21st cen­tury needs new eco­nomic sys­tem

Lesotho Times - - Leader - LCJ Poly­chro­niou is a po­lit­i­cal econ­o­mist/po­lit­i­cal sci­en­tist who has taught and worked for many years in uni­ver­si­ties and re­search cen­tres in Europe and the United States. C J Poly­chro­niou

IN his Prison Note­books, the Ital­ian rev­o­lu­tion­ary An­to­nio Gram­sci wrote: “The cri­sis con­sists pre­cisely in the fact that the old is dy­ing and the new can­not be born; in this in­ter­reg­num a great va­ri­ety of mor­bid symp­toms ap­pear.”

To­day, it is the world econ­omy, to be pre­cise, that finds it­self once again in the midst of an in­ter­reg­num. The post-war model of eco­nomic growth that pro­duced the golden age of cap­i­tal­ism is long gone, but a new eco­nomic sys­tem has yet to be born.

The mor­bid symp­toms around abound: In­tense and grow­ing in­equal­ity, mas­sive un­em­ploy­ment and ex­treme youth idle­ness in many parts of the world, rapidly de­clin­ing stan­dards of liv­ing, dan­ger­ously high lev­els of both pub­lic and cor­po­rate debt, a fi­nan­cial sys­tem that re­mains out of whack, and eco­log­i­cal col­lapse.

More­over, the world econ­omy not only con­tin­ues to rely on fos­sil fu­els to power growth, but is ac­tu­ally in­creas­ing the con­sump­tion of pri­mary en­ergy sources - such as coal, oil and nat­u­ral gas — in spite of the phe­nom­e­non of global warm­ing which threat­ens to de­stroy hu­man civil­i­sa­tion as we know it.

In­deed, the ex­ist­ing eco­nomic model is de­funct: con­sider also the fact that pro­duc­tiv­ity growth in the ad­vanced economies of the world since the erup­tion of the fi­nan­cial cri­sis of 2008 has been ex­tremely slow in both ab­so­lute terms and rel­a­tive to pre­vi­ous decades. But the model re­mains deadly dan­ger­ous.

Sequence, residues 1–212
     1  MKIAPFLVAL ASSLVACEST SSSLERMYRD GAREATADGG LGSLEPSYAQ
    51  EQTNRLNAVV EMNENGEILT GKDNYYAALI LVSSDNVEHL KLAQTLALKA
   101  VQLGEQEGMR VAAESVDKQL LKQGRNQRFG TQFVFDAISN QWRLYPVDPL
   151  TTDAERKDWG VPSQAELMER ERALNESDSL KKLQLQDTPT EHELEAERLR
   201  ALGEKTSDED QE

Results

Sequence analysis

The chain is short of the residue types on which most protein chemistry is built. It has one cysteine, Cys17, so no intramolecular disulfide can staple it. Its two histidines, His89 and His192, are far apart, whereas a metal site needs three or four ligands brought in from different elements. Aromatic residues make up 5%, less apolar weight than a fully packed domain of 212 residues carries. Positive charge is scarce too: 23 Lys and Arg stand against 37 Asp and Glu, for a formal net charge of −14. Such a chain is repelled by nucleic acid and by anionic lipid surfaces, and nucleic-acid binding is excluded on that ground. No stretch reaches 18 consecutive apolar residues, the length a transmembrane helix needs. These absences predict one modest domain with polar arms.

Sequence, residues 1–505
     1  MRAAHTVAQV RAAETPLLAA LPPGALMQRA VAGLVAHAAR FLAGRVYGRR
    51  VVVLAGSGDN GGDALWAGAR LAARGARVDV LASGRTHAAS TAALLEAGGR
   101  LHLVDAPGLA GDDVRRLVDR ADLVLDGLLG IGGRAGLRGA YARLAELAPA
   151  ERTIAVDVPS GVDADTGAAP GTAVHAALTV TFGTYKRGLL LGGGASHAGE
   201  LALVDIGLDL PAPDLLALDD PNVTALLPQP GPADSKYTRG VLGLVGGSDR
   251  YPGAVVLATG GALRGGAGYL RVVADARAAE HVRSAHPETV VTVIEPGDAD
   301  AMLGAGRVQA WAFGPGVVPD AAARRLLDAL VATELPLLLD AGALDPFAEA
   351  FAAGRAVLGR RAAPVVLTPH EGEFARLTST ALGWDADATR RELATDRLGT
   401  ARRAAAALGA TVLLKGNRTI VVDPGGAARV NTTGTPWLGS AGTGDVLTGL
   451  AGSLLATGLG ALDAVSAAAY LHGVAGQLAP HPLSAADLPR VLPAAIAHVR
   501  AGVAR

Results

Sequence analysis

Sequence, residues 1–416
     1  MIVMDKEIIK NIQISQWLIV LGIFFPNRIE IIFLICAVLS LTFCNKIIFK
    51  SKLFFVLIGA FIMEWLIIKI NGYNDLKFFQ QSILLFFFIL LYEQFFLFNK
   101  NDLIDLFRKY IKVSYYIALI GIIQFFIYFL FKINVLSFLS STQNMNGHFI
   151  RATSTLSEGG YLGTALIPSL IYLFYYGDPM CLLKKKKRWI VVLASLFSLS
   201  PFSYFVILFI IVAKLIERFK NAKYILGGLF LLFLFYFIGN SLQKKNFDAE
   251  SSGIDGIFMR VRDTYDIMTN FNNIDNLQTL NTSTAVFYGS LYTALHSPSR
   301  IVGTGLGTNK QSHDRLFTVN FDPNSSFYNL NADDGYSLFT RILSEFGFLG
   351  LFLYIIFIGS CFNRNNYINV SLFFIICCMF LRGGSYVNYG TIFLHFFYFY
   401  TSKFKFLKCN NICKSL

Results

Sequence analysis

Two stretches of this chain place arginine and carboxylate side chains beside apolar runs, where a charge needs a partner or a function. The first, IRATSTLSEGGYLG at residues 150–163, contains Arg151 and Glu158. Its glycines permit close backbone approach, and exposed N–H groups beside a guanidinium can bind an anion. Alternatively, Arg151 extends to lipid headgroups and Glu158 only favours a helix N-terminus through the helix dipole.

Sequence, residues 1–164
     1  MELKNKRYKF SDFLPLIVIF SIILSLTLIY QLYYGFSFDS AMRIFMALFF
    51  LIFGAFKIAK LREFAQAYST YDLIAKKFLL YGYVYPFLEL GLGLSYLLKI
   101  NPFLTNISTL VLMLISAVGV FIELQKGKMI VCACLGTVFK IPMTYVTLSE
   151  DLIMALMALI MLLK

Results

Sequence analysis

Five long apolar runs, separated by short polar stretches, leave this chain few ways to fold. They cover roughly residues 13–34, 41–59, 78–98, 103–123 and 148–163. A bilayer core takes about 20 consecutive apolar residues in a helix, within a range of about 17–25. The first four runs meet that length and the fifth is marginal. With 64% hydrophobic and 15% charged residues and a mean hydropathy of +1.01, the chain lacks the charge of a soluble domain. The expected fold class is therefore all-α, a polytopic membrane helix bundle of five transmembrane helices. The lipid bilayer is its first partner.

Why a new deal is not enough In light of the afore­men­tioned rea­sons, many econ­o­mists around the world, in­clud­ing Thomas Piketty, have been propos­ing the im­ple­men­ta­tion of a new global deal on growth in the mould of Franklin D Roo­sevelt’s “New Deal” pro­grammes dur­ing the 1930s.

The call for a New Deal has also been adopted by sev­eral po­lit­i­cal move­ments in Europe, and the United States in­clud­ing Bernie San­ders and many of his sup­port­ers.

The prob­lem with this ap­proach is that a new global deal is in­evitably struc­tured to­wards the goal of sav­ing the ex­ist­ing eco­nomic sys­tem, not over­com­ing its ul­ti­mate con­tra­dic­tions and re­plac­ing it with a new so­cioe­co­nomic or­der, which is what to­day’s world re­ally needs.

Roo­sevelt’s New Deal, prob­a­bly the great­est ex­per­i­ment of ac­tive state in­ter­ven­tion un­der cap­i­tal­ism, saved many peo­ple’s lives, but did not even end the Great De­pres­sion. What re­ally ended the Great De­pres­sion in the US was the mo­bil­i­sa­tion of all eco­nomic re­sources to sup­port the war ef­fort.

Roo­sevelt’s New Deal did not ad­vo­cate or pro­mote eco­nomic democ­racy, nor did it seek to lay the ba­sis for the emer­gence of a more ra­tio­nal so­cioe­co­nomic or­der.